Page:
Ramanathan K, executive director and chief investment officer at ING Investments Management, defends asset allocation funds with: "Not everyone has the acumen or expertise on how to invest in multi-asset funds. Such schemes play a big role because they give exposure to liquid, gilt, gold and equity (schemes) at the same time."
Not everyone is convinced. "Unless there is a pre-determined asset allocation and re-balancing based on this, it makes little sense to go for these. I would rather invest in independent dedicated schemes separately - in equities for growth, debt for safety, liquid for liquidity and gold exchange-traded funds for portfolio diversification. That would make my portfolio stable and well diversified, instead of having one scheme where I have to invest a bulk amount," says certified financial planner Gaurav Mashruwala.
There are several other such all-encompassing schemes , such as life cycle funds, capital-protection schemes, asset allocation and many others that want to capture too many things and often make little sense in your portfolio.
Then, there are capital protection schemes, targeted at the risk-averse investor who yet wants some exposure in equity. "Capital protection funds make sense for (such) investors," says G Pradeepkumar, chief executive officer at Union KBC Asset Management. The duration of these schemes can range from two to five years. But isn't the risk-averse investor better off by investing in pure debt? As a financial planner says: "If I want to protect my capital with small returns, I can go for a debt fund or corporate deposits. Why should I invest in something that is 80 per cent debt and 20 per cent equity?"
Some of these funds have their own utility but these are limited. As Karthik Jhaveri, director, Transcend Consulting, says: "If you have a very small amount to invest, such as Rs 2,000 or Rs 5,000, instead of distributing it among many schemes, one can invest in one. Or, if you are a first-time investor who wants to put some money in mutual funds, you could opt for these." Typically, such schemes are meant for investors, unwilling to spend time on asset allocation and investing in a disciplined manner.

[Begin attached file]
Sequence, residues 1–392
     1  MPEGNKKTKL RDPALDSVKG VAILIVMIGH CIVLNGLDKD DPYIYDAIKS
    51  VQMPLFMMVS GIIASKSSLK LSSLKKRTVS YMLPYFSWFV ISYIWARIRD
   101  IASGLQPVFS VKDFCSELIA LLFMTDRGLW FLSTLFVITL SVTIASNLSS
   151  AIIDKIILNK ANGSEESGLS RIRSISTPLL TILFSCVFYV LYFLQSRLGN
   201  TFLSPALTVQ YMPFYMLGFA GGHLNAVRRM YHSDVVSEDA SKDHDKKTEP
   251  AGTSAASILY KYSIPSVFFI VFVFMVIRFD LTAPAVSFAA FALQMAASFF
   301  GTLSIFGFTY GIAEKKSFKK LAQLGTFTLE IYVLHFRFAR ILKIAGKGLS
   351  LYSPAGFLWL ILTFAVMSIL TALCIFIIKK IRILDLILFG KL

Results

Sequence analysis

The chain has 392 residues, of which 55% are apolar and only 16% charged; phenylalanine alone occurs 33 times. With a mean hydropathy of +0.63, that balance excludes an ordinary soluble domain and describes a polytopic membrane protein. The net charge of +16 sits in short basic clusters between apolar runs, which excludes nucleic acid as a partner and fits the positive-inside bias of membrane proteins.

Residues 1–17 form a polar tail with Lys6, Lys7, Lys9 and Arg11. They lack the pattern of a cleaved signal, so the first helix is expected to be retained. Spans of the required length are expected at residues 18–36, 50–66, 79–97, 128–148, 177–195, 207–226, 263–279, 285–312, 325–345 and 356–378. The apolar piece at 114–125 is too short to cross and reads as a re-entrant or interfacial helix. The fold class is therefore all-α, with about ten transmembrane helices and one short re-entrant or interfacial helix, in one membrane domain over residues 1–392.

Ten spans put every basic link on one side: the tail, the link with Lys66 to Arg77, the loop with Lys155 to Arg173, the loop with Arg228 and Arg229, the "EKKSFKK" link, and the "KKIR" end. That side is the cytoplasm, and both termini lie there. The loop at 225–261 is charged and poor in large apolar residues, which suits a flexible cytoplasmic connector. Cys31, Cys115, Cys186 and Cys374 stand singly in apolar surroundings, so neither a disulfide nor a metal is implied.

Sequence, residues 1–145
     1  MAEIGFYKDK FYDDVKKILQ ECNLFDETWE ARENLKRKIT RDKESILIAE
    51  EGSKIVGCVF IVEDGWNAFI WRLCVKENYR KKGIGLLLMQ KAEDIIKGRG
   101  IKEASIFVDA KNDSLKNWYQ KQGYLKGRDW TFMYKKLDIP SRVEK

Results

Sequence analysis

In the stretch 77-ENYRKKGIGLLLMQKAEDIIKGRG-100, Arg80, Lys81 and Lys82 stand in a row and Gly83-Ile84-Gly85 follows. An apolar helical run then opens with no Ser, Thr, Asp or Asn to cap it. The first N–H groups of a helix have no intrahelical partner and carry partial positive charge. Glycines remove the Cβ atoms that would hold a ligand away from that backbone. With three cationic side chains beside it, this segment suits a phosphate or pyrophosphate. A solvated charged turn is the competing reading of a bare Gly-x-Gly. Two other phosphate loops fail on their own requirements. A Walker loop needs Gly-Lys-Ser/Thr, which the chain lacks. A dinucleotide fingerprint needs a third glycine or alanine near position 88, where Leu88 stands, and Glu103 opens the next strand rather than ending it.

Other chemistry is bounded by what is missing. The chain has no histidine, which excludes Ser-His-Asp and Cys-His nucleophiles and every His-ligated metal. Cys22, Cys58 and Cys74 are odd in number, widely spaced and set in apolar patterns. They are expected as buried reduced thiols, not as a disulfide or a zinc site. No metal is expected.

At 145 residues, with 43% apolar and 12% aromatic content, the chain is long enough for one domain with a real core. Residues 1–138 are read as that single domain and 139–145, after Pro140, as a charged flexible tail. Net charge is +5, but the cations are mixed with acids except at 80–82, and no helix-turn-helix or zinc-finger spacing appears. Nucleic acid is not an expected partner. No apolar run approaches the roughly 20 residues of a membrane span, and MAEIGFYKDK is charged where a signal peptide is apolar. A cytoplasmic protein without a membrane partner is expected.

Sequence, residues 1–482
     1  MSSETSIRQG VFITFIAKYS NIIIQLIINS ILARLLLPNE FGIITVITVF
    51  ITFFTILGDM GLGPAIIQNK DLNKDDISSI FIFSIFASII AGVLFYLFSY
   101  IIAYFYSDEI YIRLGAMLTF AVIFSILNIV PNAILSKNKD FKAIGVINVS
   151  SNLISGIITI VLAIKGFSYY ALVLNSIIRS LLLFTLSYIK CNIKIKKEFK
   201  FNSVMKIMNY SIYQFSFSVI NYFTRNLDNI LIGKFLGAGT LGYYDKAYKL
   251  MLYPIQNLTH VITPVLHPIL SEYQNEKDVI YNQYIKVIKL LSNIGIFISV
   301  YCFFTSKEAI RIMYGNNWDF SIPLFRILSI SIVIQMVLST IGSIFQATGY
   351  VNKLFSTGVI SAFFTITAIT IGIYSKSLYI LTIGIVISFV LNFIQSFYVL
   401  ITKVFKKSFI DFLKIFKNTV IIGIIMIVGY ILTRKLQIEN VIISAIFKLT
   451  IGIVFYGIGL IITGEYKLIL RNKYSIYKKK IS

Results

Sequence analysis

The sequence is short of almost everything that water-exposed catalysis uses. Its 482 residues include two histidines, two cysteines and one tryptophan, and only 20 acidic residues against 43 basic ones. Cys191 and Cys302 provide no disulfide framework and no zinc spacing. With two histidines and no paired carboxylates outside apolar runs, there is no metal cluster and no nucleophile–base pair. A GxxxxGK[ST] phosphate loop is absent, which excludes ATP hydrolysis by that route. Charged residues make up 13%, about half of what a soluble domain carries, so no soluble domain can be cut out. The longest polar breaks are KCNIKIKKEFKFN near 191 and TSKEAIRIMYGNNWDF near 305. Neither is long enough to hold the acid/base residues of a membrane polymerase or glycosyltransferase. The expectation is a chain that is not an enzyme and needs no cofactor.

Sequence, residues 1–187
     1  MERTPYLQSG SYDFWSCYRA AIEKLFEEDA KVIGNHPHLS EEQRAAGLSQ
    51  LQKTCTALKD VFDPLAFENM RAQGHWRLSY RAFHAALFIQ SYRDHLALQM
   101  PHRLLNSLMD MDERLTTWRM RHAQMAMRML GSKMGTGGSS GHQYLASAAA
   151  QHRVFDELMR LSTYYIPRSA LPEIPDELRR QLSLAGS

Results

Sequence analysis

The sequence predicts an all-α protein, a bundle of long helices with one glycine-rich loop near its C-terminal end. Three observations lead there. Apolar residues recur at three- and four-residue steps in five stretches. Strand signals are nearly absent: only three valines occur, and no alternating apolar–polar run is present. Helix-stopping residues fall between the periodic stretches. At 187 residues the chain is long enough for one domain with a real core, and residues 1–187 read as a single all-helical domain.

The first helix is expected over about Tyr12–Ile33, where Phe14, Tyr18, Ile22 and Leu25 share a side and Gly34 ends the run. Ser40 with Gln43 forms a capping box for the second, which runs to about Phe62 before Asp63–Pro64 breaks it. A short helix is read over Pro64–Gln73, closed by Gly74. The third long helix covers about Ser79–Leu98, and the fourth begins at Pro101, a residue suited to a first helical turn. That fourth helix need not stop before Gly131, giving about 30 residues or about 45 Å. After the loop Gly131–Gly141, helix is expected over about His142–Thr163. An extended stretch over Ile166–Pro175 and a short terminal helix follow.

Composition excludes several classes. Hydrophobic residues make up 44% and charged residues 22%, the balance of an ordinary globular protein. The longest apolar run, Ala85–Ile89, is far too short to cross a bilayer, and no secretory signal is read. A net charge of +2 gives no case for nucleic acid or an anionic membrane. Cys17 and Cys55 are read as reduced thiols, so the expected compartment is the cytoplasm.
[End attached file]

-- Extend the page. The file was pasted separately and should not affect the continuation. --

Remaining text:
Others might give some tax advantage. The only reason Mashruwala would ask anyone to buy an asset allocation fund is because if one wants to do a reallocation or rework the portfolio, there could be an exit load and capital gains tax. For instance, you have 40 per cent in equity funds, 30 per cent in medium and long-term debt, 20 per cent in liquid schemes and 10 per cent in gold. Now, if there is an imbalance in the portfolio due to a price rise in gold (its value becomes 20 per cent in the portfolio and equities fall to 15 per cent), then this needs to be rejigged by putting more money in gold from equity. In this situation, there will be an exit load and capital gains tax, depending on the tenure that the schemes have been held. On the other hand, if one buys an asset allocation fund, if the allocation is pre-determined at the mentioned levels, the rebalancing will happen without any financial burden on you.
While there is a benefit in asset allocation funds, most financial planners will say it is better to invest separately in independent schemes. "Independent schemes allow for more manoeuvrability. All these multi-cap, flexi schemes make little sense," says Jhaveri.
For instance, ICICI Prudential's Volatility Fund doesn't give you a clear picture of the objective. While the scheme is meant to create long-term wealth, it aims for capital appreciation by using equity derivatives and arbitrage opportunities.
Hemant Rustagi, chief executive, WiseInvest Advisors, suggests one invest in schemes whose objective is clear and asset allocation is familiar. Some exotic-sounding schemes might have a narrow definition but can be safer than pure thematic funds if they invest in various sectors. However, they will remain riskier than large diversified funds.
Already in? Give it time
To get decent participation from equity, one should stay invested in capital protection schemes or hybrid schemes for at least three years. This is because in a short duration, in a volatile equity market, things might not work for you at all. Also, if you want to exit in the interim in some of these closed-end funds, there will be few buyers. Even if listed on the stock exchange, Pradeepkumar cautions, one cannot easily exit this sort of scheme, unless one gets a buyer in the secondary market.
Ideally, investors should keep it simple. Have a few equity diversified schemes (not more than four or five), debt funds and, for diversification, look at gold or pure sector funds.